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Australian gold production soars on record prices

Australian gold production soars on record prices

The West Australian ©

    Australian gold production soared last year to its highest level since 2003 as miners capitalised on record prices.

    Gold output from domestic mines in 2010 lifted by about 17 per cent or 38 tonnes to 266 tonnes or 8.5 million ounces (oz), Melbourne-based industry consultants Surbiton Associates said in its latest survey of the Australian gold mining industry.

    "Gold produced from Australian mines in 2010 was worth some $A12 billion at the current spot price," Surbiton director Sandra Close said.

    "Gold remains one of Australia's top export earners."

    Australia retained its position as the world's second largest gold producing country in 2010, Dr Close said.

    "China was number one with reported production of 341 tonnes and it looks as though the United States will come in as number three with an output of around 240 tonnes," she said.

    South Africa, which produced more than 1000 tonnes of gold in 1970 and for decades was the world's largest producer of the precious metal, is expected to record an output of about 200 tonnes for 2010.

    Standout performers in Australia last year included Newmont Mining Corporation's Boddington mine, south-east of Perth, where output rose by 26,000oz to its highest quarterly figure of 206,000oz.

    Two recently commissioned operations, Integra Mining's Randalls mine and Regis Resources' Moolart Well operation, both in WA, continued to ramp up production, adding another tonne to the total national output, Dr Close said.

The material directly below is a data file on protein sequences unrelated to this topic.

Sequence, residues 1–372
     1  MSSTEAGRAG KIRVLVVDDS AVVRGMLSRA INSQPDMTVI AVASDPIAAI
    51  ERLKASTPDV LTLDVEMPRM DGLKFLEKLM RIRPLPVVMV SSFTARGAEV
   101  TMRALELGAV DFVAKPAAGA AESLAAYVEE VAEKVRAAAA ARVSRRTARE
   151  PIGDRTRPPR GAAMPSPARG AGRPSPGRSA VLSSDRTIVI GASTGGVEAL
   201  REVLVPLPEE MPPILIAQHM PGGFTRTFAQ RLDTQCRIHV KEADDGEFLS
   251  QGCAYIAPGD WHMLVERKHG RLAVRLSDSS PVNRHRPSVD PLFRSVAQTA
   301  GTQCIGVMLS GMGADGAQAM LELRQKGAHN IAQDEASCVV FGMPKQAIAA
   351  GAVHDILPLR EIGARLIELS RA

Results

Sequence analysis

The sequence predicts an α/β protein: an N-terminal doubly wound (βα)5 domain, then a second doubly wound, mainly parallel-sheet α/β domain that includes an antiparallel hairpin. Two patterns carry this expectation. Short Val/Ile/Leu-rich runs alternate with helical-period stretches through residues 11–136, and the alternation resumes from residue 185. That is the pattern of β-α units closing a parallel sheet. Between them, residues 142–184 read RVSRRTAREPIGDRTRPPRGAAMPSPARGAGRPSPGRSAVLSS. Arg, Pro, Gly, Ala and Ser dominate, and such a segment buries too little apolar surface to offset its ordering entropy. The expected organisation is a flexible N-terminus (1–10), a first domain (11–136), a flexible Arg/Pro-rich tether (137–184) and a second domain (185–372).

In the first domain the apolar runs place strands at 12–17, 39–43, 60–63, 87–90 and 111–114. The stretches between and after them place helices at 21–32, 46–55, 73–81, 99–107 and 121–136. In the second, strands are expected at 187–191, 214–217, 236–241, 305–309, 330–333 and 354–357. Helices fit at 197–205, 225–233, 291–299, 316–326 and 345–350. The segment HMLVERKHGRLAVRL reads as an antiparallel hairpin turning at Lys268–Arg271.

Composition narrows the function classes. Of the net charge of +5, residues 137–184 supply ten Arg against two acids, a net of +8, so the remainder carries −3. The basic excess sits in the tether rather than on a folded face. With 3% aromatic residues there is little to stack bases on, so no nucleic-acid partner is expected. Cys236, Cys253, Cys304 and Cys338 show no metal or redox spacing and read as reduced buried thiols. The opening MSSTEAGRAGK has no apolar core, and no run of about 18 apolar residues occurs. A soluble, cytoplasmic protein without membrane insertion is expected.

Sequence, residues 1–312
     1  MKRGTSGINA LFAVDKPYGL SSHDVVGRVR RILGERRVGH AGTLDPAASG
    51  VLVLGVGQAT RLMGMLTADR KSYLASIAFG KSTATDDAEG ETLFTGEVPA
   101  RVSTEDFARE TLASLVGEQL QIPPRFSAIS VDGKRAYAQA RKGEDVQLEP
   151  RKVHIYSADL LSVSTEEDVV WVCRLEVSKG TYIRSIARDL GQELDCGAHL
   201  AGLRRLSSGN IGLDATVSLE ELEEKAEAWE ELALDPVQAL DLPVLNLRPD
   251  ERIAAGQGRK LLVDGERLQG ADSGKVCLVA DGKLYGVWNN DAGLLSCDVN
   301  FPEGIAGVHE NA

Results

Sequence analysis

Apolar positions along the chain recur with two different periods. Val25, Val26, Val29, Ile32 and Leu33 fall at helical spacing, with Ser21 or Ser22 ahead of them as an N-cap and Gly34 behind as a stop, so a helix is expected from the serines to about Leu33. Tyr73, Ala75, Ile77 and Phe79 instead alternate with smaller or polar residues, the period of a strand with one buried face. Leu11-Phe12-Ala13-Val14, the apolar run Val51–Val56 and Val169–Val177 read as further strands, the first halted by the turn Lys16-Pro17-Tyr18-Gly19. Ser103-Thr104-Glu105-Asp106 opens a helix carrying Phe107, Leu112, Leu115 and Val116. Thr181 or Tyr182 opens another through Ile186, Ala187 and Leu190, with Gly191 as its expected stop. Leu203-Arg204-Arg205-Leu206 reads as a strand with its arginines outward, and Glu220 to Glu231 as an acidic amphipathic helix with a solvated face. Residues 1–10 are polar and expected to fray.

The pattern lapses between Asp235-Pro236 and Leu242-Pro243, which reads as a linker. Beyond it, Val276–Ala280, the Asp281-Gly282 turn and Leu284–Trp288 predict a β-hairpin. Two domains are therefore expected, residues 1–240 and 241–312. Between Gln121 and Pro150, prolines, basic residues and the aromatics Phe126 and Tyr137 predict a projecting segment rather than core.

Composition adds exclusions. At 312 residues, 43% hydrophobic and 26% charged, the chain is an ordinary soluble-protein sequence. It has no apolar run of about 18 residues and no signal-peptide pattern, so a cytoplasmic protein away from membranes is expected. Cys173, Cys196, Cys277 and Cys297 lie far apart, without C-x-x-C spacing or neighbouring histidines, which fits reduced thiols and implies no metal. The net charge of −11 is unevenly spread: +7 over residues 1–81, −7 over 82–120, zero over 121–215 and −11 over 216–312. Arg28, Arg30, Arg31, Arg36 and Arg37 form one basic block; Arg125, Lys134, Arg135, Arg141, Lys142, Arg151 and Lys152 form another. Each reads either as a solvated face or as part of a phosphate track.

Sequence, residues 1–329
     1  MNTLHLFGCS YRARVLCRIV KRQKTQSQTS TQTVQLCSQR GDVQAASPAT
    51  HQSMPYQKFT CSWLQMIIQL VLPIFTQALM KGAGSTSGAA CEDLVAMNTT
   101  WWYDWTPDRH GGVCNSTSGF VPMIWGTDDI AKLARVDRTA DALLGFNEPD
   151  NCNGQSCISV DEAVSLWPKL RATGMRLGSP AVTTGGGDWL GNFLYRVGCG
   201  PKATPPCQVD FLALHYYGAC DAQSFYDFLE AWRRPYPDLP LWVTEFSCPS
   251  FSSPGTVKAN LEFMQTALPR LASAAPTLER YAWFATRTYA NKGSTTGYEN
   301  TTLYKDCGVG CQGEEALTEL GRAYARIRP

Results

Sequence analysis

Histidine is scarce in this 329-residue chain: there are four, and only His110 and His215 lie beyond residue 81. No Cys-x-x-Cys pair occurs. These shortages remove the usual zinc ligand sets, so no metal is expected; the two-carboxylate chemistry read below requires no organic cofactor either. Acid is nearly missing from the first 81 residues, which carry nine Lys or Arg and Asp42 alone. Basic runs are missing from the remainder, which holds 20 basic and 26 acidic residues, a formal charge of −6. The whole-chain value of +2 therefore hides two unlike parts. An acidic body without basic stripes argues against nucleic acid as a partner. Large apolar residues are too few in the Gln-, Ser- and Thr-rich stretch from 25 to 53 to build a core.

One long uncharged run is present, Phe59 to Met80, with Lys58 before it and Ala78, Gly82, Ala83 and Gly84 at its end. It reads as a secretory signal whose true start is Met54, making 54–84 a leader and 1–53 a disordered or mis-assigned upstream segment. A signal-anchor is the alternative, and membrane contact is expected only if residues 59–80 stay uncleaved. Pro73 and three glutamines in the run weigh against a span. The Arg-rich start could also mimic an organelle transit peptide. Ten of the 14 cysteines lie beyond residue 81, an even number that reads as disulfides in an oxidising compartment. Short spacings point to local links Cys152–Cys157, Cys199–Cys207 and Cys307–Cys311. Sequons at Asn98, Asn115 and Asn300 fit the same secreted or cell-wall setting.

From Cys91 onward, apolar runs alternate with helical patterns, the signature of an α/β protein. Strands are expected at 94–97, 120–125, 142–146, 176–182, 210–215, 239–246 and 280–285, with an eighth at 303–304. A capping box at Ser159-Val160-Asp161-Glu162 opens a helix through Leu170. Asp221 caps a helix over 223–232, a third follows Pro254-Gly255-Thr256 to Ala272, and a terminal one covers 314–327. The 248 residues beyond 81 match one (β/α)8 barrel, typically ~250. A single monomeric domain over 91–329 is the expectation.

However, output in the December quarter from Barrick Gold's and Newmont's Super Pit at Kalgoorlie fell by 22,000oz.

    The Super Pit still retained its mantle of Australia's largest gold producing mine for 2010, followed closely by Boddington.

    Dr Close warned that Australian miners were increasingly going offshore to countries where exploration was encouraged.

    "We are seeing a disturbing trend on the local front, both for gold and for other minerals," she said.

    "The steady increase in expenditure by Australian listed companies on overseas exploration was becoming more apparent, she said.

    "Less and less of the exploration dollar is being spent in Australia and this may well have a negative impact in the longer term.

    "We can't afford to be complacent just because Australian gold production is on the rise again.

    "Continued exploration is essential to ensure the long-term viability of the industry."